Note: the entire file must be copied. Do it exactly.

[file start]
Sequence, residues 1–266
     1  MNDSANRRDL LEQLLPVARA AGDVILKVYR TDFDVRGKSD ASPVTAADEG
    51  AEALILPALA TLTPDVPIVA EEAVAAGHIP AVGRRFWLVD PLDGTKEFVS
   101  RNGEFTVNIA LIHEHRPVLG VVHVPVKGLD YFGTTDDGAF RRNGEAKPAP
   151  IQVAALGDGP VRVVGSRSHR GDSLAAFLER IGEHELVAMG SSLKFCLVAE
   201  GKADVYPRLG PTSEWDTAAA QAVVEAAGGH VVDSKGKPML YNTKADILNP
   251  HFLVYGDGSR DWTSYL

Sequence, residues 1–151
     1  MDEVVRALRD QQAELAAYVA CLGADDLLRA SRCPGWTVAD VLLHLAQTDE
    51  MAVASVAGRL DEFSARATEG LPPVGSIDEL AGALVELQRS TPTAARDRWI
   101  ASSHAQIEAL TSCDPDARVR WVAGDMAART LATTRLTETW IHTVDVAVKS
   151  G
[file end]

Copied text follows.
Sequence, residues 1–266
     1  MNDSANRRDL LEQLLPVARA AGDVILKVYR TDFDVRGKSD ASPVTAADEG
    51  AEALILPALA TLTPDVPIVA EEAVAAGHIP AVGRRFWLVD PLDGTKEFVS
   101  RNGEFTVNIA LIHEHRPVLG VVHVPVKGLD YFGTTDDGAF RRNGEAKPAP
   151  IQVAALGDGP VRVVGSRSHR GDSLAAFLER IGEHELVAMG SSLKFCLVAE
   201  GKADVYPRLG PTSEWDTAAA QAVVEAAGGH VVDSKGKPML YNTKADILNP
   251  HFLVYGDGSR DWTSYL

Sequence, residues 1–151
     1  MDEVVRALRD QQAELAAYVA CLGADDLLRA SRCPGWTVAD VLLHLAQTDE
    51  MAVASVAGRL DEFSARATEG LPPVGSIDEL AGALVELQRS TPTAARDRWI
   101  ASSHAQIEAL TSCDPDARVR WVAGDMAART LATTRLTETW IHTVDVAVKS
   151  G